Fleischer is an excellent director that can balance the different genre elements with finesse and style. Whether he's directing dialogue scenes or the obligatory (in this type of film) car chase sequence, it all works and comes together nicely. There are also some subtle elements in the way he establishes the characters through look and attire. What is Fleischer suggesting by having Dwayne and Travis, the film's dumbest characters, wear Metallica and Insane Clown Posse shirts? If he is suggesting something, I applaud him. The film moves with a constant energy, helped along by a cast that has energy in spades. Eisenberg handles comedy quite well and he makes his performance in The Social Network seem even more impressive by comparison. His character Nick mentioning Facebook is an amusing little aside by itself. Ansari is a bundle of comedic energy, yet keeps his amped-up acting from going completely over-the-top. McBride, whom I consider to be one of the funniest comedians around, doesn't venture far from the dim-witted, egotistical jerk character he's made his name playing, but McBride possesses a comedic delivery that is unmatched by his contemporaries and he's as effective and hilarious as ever. Everyone has met a guy like the characters McBride plays and he plays these types with a satirical gusto that is much more layered than its low-brow humor suggests. Michael Peña is becoming the go-to-guy for comedic roles with over-the-top accents, but as a talented dramatic actor he makes each one different and, while over-the-top, it's never campy. His performance as the potential hitman Chongo is a highlight here. Even Nick Swardson, whom I never find particularly funny, is actually well-utilized here. There's a friendly, energetic chemistry between Eisenberg, Ansari, McBride, and Swardson that really drives the film. It's apparent that the actors involved had a good time making it, which translates well onscreen and makes the movie even more of a joy to watch. When actors can be seen clearly having fun with their work, this generally has a positive effect on the audience viewing the film. From the actor's demeanor and rapport, I'd guess this was about as fun to make as it was to watch.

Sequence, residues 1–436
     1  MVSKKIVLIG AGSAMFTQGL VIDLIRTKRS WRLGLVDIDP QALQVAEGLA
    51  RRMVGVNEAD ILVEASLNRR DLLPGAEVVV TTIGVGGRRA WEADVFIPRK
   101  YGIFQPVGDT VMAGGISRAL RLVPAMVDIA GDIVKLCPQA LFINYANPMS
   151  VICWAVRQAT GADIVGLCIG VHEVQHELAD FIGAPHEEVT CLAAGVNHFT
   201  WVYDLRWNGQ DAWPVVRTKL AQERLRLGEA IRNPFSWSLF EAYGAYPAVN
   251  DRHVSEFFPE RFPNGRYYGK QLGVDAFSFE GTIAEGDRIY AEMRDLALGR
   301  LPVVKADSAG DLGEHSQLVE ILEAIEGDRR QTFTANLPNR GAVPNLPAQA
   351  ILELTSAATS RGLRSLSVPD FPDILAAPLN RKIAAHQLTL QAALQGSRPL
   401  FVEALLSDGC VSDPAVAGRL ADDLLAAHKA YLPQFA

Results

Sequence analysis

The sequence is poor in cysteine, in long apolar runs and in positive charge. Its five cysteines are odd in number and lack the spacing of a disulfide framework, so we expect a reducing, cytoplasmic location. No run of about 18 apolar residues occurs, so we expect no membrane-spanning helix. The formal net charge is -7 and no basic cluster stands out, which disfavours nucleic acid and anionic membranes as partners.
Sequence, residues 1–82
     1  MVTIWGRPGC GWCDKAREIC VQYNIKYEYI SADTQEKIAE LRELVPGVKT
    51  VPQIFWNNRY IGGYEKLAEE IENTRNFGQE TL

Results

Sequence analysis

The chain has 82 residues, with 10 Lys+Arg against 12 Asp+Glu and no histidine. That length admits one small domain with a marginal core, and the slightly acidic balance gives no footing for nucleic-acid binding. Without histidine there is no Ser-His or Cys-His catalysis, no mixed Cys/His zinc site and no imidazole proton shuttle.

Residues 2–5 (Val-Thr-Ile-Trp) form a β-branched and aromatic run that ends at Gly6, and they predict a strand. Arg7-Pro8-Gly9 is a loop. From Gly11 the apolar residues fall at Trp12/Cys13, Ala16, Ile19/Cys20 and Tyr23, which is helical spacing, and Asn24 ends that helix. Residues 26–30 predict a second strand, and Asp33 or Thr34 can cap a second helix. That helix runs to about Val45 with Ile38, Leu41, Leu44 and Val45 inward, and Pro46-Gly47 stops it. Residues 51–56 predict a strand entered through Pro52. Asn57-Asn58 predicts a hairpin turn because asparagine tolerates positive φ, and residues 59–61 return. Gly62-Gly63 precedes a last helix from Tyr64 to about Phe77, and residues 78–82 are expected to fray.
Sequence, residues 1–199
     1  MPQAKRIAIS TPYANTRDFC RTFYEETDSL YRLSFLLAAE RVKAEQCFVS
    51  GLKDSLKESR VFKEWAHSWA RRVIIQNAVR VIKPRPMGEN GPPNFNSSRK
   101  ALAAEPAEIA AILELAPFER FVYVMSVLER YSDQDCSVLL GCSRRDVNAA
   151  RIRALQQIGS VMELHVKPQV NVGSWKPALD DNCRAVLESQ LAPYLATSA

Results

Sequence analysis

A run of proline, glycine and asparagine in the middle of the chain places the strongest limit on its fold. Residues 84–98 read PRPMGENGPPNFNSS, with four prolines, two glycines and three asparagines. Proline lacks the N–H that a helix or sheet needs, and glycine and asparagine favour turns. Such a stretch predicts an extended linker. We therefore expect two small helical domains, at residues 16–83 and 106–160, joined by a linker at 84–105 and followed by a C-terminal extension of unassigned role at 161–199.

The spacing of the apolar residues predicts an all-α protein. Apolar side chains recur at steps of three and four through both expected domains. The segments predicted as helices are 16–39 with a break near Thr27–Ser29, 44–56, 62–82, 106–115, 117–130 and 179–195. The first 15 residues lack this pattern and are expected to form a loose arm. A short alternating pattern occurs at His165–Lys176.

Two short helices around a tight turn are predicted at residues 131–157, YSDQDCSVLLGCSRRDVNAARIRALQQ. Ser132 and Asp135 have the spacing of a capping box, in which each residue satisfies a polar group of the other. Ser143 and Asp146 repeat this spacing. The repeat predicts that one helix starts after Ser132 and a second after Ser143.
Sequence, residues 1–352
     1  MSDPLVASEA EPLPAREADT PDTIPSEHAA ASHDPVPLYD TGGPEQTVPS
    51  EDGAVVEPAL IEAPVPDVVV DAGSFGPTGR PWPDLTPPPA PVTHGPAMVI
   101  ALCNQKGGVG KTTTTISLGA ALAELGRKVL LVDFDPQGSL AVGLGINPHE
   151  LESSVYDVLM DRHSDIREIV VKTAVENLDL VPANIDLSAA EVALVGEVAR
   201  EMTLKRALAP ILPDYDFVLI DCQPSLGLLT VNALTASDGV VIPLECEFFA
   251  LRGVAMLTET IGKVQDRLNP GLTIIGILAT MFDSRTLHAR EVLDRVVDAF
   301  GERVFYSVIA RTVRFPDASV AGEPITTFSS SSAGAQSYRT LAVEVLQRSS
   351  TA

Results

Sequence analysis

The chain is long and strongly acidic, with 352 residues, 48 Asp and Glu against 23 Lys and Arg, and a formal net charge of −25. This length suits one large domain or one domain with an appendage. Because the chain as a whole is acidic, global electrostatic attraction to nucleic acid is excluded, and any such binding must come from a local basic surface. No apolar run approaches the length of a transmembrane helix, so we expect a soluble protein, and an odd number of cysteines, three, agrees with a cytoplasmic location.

30 Minutes or Less is simple summer, Hollywood fun with a cast of talented comedic actors working within the confines of stronger-than-expected material. It hasn't been received too well, but comedy is the most subjective genre of film and film critics don't exactly fall into this film's demographic. It's fun and energetic, with non-stop humor that will be enjoyed by the average moviegoer and anyone who has liked the previous work of the principal cast. How one can pan a film so highly enjoyable is beyond me.